• doctorwhoarchiveI'm sorry, they're actually not that different, they're still the same language, just with different ways of putting stuff. In most cases, the British English terms still mean the same thing in American English, it's just that the term might not be used as often(example: elevator/lift, apartment/flat). Since Matt has lived in Britain for so long, he would probably retain his British English in interviews and panels. It's just movies when he might actually switch to American English. As of right now, he only has one American movie that just finished filming last month, so it's probably not going to come out until mid 2014.
  • grace19119@doctorwhoarchive actually when I find a slang that I can't understand, the first thing I turn to is urban dictionary web sites, which contain both slangs of BE and AE. That's where I find out what an expression means and whether it belongs to BE or AE for the first time, so I just learn and try to remember it anyway. So you're right, it will not be that difficult I guess. The methods will still the same. And native speakers will always be of great helps.
  • doctorwhoarchiveThat's a great method!
  • grace19119@doctorwhoarchive And English learning in China, you know, usually doesn't draw a clear line between British and American English. So what we learned is a mix to some extent. I still can't remember which of you tend to use FLAT and which APARTMENT. Same situations with fall/autumn, elevator/lift, and so on. But I know their meanings anyway. What is more confusing are those words with same spelling and different pronunciations. Funny that when I choose between them, I always happen to read/say it in the American way (or at least dictionaries told me so).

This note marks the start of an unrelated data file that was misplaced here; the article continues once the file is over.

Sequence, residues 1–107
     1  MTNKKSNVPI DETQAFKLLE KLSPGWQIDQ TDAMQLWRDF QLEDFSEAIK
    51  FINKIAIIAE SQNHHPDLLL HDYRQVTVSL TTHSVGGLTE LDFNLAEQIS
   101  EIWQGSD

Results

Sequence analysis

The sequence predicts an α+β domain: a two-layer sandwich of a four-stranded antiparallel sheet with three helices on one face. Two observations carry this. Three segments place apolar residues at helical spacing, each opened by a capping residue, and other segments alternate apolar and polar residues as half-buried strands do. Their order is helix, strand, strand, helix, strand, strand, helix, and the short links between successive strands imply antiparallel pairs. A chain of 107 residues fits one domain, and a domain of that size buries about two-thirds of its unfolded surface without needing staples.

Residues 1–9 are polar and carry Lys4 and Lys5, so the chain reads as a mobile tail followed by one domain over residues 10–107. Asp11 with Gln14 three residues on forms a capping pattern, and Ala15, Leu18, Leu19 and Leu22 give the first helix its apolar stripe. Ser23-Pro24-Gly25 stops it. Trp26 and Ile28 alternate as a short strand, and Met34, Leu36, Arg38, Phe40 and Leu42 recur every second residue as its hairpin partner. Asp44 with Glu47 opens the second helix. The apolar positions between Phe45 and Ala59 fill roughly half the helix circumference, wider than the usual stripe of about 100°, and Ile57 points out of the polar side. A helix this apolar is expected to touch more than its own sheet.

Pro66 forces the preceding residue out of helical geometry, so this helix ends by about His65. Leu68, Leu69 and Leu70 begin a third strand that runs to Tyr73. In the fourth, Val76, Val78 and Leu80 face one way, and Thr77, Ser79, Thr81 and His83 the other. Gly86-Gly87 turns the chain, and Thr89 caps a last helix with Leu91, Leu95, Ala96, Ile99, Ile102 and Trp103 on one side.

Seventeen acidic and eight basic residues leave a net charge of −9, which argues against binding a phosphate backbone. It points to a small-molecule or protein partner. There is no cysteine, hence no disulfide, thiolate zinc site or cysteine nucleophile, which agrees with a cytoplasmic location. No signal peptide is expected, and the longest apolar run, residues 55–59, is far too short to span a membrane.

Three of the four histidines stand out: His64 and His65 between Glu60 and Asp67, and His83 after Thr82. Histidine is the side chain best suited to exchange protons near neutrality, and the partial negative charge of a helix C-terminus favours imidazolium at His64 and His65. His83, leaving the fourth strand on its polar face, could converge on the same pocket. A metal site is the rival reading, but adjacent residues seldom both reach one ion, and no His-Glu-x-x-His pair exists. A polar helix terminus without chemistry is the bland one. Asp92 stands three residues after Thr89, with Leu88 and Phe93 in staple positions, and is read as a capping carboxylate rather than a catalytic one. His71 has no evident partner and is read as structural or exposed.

• doctorwhoarchiveFlat and lift are the British terms. I get what you're saying, my district offers several language options, and I decided to take Chinese last year for a easy 100. And I have to admit that the teacher(who had a VERY heavy southern accent) taught some of the terms base on region instead of the overall language. Also, the reason why some words are spelled differently is because when American gained independence from the British, Ben Franklin(I think... not 100% sure about who it was...) wanted some differences between us and and the British, so he simplified some of the words.
  • grace19119@doctorwhoarchive Wow that's interesting! you mean like center/centre or realize/realise? I am a history major whose main focus is Anglo-American Relations… so that's a really intriguing topic to me! maybe I could look it up!
  • doctorwhoarchiveYep. The history of US goes quite far(as you would probably know), though I don't know all of it(I'm only in 7th grade), I do know that US is the only original English colony that write the way we do. Though many words are pronounced the same way, they can be spelled differently(though the difference is usually minimal). Some examples are favorite/favourite, center/centre, color/colour, and many many more!That's probably the only thing that makes our versions of English different other than the cultural/ regional accents(and that's a completely different topic).